We all have “mental blindspots” or blockages that can prevent us from making good decisions. Rooted in cognitive neuroscience and behavioral economics, these blind spots are called cognitive biases and are judgment errors that could lead to detrimental outcomes for an organization’s ability to operate, generate trust, and avoid burnout. But there is good news! There are some simple ways to address cognitive biases in the workplace. Learn more from 12 Mental Skills to Defeat Cognitive Biases.
3 Staff Readiness and Well-Being
Prioritizing the psychosocial and physical well-being of staff working in fluid environments and on complex issues is key to maintaining a Resiliency Ethos. This becomes even more critical when a crisis or shock hits and an organization has to adapt quickly to maintain operability.
Burnout in Times of Crisis
What do we know about burnout and how is it exacerbated in times of crisis? The World Health Organization classified burnout syndrome as an occupational phenomenon in 2019. With more and more research, burnout is not solely an issue of being tired or overworked – it impacts the neural pathways of the brain and makes it more difficult to remember things, cope with stress in rational ways, and can lead to seemingly disconnected health issues down the line.
But in times of a crisis or rapid change, “burnout can emerge because of something different – what experts call ‘decision fatigue’…In other words, the Covid-19 pandemic is forcing us to rapidly grapple with difficult decisions in an unsettlingly new context.”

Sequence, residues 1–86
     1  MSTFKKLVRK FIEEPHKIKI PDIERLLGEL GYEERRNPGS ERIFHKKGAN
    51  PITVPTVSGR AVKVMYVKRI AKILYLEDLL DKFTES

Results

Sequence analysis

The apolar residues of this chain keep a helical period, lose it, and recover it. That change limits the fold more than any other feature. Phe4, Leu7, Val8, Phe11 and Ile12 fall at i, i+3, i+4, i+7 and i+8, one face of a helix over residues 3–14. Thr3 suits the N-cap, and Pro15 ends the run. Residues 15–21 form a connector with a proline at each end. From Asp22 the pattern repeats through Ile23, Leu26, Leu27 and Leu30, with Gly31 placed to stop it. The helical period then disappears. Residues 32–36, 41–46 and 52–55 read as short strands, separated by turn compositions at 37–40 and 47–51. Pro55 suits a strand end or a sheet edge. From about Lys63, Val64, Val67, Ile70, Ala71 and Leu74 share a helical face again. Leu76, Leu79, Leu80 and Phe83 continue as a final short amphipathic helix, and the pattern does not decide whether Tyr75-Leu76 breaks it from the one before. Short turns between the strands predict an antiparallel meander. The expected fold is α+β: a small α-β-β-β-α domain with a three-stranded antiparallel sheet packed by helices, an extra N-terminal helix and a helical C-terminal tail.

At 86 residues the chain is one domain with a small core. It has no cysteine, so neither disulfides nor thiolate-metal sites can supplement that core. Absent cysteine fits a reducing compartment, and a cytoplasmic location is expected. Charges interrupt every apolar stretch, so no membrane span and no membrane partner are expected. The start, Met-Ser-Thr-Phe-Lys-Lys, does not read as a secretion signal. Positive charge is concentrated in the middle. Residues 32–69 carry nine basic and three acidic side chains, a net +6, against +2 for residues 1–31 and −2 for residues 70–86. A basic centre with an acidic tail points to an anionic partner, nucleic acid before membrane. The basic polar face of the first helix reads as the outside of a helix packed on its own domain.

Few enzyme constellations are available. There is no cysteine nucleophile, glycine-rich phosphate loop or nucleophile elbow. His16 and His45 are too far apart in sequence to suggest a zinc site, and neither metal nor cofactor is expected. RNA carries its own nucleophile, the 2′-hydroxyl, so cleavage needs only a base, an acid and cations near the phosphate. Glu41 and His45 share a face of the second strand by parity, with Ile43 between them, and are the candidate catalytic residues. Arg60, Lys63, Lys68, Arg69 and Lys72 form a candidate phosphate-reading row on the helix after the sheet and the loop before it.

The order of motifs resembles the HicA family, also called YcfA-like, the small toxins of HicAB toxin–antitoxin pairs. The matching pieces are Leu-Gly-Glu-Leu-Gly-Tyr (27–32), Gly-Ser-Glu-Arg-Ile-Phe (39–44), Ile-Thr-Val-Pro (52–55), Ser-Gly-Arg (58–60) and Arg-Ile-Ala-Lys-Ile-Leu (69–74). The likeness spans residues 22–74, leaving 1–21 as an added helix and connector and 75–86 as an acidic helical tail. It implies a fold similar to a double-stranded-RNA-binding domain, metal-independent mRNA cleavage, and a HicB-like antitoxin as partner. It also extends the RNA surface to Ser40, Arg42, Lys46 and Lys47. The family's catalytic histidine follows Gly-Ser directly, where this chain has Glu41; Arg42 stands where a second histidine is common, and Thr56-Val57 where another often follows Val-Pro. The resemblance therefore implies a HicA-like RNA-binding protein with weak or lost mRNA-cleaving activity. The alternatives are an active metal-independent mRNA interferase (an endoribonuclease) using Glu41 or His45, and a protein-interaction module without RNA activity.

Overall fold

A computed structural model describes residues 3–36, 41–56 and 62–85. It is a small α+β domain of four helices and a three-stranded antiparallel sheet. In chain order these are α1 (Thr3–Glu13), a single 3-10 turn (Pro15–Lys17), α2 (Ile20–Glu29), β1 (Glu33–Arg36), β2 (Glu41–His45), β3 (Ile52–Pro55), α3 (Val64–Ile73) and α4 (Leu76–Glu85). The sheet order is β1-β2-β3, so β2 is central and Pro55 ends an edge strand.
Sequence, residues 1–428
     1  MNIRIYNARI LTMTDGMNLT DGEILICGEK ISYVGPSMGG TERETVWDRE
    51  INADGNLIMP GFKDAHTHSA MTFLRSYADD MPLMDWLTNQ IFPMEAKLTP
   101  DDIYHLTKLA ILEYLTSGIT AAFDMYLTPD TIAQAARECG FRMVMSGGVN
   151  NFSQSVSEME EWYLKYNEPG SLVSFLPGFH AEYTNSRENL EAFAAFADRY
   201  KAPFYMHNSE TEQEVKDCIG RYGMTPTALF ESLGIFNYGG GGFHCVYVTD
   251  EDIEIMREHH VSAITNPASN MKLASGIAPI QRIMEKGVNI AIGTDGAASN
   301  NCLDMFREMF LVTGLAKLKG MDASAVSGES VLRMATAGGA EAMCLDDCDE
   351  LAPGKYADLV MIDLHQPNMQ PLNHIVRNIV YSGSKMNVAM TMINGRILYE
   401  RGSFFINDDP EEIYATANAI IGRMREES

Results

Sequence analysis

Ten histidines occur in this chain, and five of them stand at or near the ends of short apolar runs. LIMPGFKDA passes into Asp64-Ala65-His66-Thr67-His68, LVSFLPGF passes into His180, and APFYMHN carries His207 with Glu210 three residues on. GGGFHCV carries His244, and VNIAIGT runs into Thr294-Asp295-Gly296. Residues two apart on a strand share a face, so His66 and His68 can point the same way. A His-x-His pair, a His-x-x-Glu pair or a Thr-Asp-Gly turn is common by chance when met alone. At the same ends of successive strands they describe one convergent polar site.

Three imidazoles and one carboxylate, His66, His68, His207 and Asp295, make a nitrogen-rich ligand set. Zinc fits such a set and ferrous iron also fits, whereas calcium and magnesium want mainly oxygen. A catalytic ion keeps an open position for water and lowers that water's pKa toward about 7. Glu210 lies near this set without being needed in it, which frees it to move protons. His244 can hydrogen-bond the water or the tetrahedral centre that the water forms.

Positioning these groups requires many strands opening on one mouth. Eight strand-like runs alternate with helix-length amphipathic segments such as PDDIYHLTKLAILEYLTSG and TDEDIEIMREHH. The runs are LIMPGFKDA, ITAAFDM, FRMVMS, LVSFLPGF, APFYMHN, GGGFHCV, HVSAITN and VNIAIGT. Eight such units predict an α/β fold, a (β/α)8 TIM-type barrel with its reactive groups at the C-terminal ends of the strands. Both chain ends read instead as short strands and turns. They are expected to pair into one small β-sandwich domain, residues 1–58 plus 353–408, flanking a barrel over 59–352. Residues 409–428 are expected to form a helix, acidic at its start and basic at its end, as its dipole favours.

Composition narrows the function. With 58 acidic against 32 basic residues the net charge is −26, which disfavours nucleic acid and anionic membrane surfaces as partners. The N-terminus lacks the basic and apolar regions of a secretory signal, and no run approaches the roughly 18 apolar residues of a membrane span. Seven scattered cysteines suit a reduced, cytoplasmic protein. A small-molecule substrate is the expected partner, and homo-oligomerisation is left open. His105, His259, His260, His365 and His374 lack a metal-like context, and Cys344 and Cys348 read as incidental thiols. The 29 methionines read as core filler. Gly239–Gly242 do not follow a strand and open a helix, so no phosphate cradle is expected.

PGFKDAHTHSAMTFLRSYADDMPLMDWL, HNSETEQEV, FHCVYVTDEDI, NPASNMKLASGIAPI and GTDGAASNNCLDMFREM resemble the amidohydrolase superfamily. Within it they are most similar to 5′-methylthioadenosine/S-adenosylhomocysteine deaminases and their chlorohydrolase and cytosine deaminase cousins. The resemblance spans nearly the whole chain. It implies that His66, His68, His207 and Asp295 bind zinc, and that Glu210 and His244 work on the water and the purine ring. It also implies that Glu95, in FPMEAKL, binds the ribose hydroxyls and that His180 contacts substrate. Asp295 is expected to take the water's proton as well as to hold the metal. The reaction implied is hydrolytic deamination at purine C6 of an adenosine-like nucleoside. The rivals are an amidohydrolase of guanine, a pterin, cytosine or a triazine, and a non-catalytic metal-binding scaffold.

Fortunately, burnout is manageable with a combination of awareness of the symptoms and some simple actions or behavior changes. You can access resources here and here for more information on how to manage burnout in times of disruption. Here you’ll find three things leaders can do to help protect their teams from burnout more generally.
Understanding the Impacts of Shocks on Staff
Understanding the impact of shocks and disruptions is key to being able to prioritize the right approaches to staff readiness and well-being. This study identifies key underlying assumptions, realities and practices in the human rights and humanitarian response space as it relates to practitioners’ well-being and access to mental health resources.
Integrating Self-Care into Organizational Structures
This case study with Peace Brigades International Mexico (in English and Spanish) describes how they integrated a psychosocial approach into their operations and management processes. The study demonstrates that even just through sensitization and awareness-raising alone, people are more willing to prioritize adequate self-care. The case study finds:
“…coping mechanisms should not be imposed from the outside…Our study also illustrates the need to create an organizational culture that not only allows and promotes the use of time and resources for well-being and mental health, but actually integrates it as important part of the human rights work that is obligatory, reflected in work plans and job descriptions.”